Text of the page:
RICHMOND, Va. -- Two of Michael Vick's alleged cohorts in a dogfighting enterprise entered guilty pleas Friday, leaving the Atlanta Falcons quarterback on his own to cut a deal or face trial on federal charges.
With his NFL career in jeopardy and a superseding indictment adding more charges in the works, Vick and his lawyers have been talking with federal prosecutors about a possible plea agreement.
But there was no indication Friday at U.S. District Court that Vick would enter a plea before the new charges are filed, perhaps as early as next week.
Sentencing for the two was scheduled for Nov. 30. Vick has been barred from training camp by the NFL and is scheduled to stand trial Nov. 26.
Purnell Peace, 35, of Virginia Beach and Quanis Phillips, 28, of Atlanta entered plea agreements and joined another defendant who previously changed his plea to guilty and agreed to cooperate in the government's case against Vick.
Peace and Phillips were charged with conspiracy to travel in interstate commerce in aid of unlawful activities and conspiring to sponsor a dog in an animal fighting venture. Tony Taylor of Hampton pleaded guilty last month and will be sentenced Dec. 14.
The offenses are punishable by up to five years in prison and a $250,000 fine, although federal sentencing guidelines likely would call for less.
"Did you conspire with these folks to sponsor a dogfighting venture?" U.S. District Judge Henry Hudson asked Peace.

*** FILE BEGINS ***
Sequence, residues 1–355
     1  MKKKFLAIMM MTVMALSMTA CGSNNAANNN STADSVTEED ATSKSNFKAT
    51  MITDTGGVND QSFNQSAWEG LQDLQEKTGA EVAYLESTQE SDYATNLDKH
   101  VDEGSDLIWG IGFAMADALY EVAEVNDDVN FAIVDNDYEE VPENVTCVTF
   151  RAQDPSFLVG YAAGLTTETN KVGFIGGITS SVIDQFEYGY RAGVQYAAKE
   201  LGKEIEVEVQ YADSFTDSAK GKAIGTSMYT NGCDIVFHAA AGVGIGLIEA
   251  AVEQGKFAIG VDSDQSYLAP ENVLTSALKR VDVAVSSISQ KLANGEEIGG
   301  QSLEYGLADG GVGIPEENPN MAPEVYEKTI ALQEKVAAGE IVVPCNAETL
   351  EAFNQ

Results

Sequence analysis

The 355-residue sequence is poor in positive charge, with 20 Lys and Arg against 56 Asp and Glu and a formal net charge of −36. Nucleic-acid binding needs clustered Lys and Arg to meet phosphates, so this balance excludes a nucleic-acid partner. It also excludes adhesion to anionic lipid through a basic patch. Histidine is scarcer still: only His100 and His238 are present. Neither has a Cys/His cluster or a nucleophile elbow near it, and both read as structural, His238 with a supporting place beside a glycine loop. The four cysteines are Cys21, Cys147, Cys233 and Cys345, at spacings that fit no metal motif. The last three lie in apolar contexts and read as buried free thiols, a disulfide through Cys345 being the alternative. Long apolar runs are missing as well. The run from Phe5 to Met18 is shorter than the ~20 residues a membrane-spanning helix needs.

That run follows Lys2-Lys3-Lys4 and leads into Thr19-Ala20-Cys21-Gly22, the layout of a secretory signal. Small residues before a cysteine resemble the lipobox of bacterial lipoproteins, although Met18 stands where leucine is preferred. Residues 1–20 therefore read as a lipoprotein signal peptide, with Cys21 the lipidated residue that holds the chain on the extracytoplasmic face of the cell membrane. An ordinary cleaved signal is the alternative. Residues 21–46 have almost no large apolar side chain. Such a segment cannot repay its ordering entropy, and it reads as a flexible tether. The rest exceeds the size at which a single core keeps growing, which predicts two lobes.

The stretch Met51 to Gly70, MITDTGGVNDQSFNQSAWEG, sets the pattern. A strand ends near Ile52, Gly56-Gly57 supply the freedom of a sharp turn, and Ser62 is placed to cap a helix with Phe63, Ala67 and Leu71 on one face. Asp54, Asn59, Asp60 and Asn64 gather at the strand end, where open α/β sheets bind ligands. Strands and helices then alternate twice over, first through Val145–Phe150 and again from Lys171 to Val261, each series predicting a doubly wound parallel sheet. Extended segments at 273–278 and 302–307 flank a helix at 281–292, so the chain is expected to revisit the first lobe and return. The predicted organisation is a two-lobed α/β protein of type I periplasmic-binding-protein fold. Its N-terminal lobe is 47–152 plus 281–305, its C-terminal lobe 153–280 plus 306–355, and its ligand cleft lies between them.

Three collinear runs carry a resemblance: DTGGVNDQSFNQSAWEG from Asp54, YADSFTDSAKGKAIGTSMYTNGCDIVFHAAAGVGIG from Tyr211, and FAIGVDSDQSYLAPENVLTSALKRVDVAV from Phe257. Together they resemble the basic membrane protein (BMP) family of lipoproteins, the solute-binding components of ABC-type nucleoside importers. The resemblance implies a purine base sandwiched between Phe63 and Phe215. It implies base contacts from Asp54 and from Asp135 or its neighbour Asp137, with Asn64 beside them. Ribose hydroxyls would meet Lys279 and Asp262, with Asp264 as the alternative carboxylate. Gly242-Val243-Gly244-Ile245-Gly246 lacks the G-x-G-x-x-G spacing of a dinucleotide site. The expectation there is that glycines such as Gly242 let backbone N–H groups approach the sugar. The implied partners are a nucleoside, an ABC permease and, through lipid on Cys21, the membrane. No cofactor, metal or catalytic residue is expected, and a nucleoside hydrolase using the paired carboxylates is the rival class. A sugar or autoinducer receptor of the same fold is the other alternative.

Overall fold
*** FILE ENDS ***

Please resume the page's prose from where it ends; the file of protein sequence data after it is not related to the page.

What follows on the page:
He replied, "Yes, sir."
While Peace was freed, Phillips violated the terms of his release by failing a drug test and was taken into custody of U.S. marshals.
Any outcome that ties Vick to betting on the dogfights could trigger a lifetime ban from the NFL under the league's personal conduct policy.
The 27-year-old quarterback was linked to betting by a statement signed by Taylor, who pleaded guilty and agreed to cooperate with the government, and the July 17 indictment.
NFL commissioner Roger Goodell withheld further action while the NFL conducts its own investigation. Goodell said Thursday the league hasn't been monitoring Vick's plea negotiations.
The four defendants all initially pleaded not guilty, and Vick issued a statement saying he looked forward to clearing his name.
A statement of facts signed by Taylor as part of his plea agreement placed Vick at the scene of several dogfights and linked him to betting. Taylor said Vick financed virtually all the "Bad Newz Kennels" operation on Vick's property in Surry County.
The case began with a search in April that turned up dozens of pit bulls and an assortment of dogfighting paraphernalia at the property a few miles northwest of Vick's hometown of Newport News. According to the indictment, dogs that lost fights or fared poorly in test fights were sometimes executed by hanging, electrocution or other means.
At Friday's plea hearings, about 30 animal rights activists gathered outside the courtroom in downtown Richmond.
Copyright 2007 by The Associated Press